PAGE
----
To determine the second critical end point in silicate-H2O systems, a new method for the direct observations of immiscible fluids has been developed using a synchrotron X-ray radiography technique. High-pressure and high-temperature experiments were carried out with a Kawai-type, double-stage, multi-anvil high-pressure apparatus (SPEED-1500) installed at BL04B1, SPring-8, Japan. The Sr-plagioclase (SrAl2Si2O8)-H2O system was used as an illustrative example. A new sample container composed of a metal (Pt) tube with a pair of lids, made of single crystal diamonds, was used under pressures between 3.0 and 4.3 GPa, and temperatures up to ∼1600°C. The sample in the container could be directly observed through the diamond lids with X-ray radiography. At around 980 to 1060°C and pressures between 3.0 and 4.0 GPa, light gray spherical bubbles moving upward through the dark gray matrix were observed. The light gray spheres that absorb less X-rays represent an aqueous fluid, whereas the dark gray matrix represents a silicate melt. These two immiscible phases (aqueous fluid and silicate melt) were observed up to 4.0 GPa. At 4.3 GPa, no bubbles were observed. These observations suggest that the second critical end point in the Sr-plagioclase-H2O system occurs at around 4.2 ± 0.2 GPa and 1020 ± 50°C. Our new technique can be applied to the direct observations of various systems with two coexisting fluids under deep mantle conditions.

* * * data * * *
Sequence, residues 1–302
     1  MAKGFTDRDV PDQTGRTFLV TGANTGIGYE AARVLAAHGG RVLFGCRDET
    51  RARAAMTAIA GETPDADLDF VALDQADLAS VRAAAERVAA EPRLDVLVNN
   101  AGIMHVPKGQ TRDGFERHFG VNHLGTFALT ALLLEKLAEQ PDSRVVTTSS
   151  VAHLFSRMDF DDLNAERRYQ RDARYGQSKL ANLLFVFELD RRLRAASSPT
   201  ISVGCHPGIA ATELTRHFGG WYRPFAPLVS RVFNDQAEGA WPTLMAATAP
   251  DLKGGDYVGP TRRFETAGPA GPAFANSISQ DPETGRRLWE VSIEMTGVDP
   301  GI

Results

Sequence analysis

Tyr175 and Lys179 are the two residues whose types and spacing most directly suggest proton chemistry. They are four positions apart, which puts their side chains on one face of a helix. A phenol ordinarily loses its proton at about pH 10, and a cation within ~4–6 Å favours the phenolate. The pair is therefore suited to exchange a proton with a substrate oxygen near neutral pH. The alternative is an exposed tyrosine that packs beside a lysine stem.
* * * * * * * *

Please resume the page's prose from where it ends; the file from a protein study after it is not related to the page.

ASJC Scopus subject areas
- Geochemistry and Petrology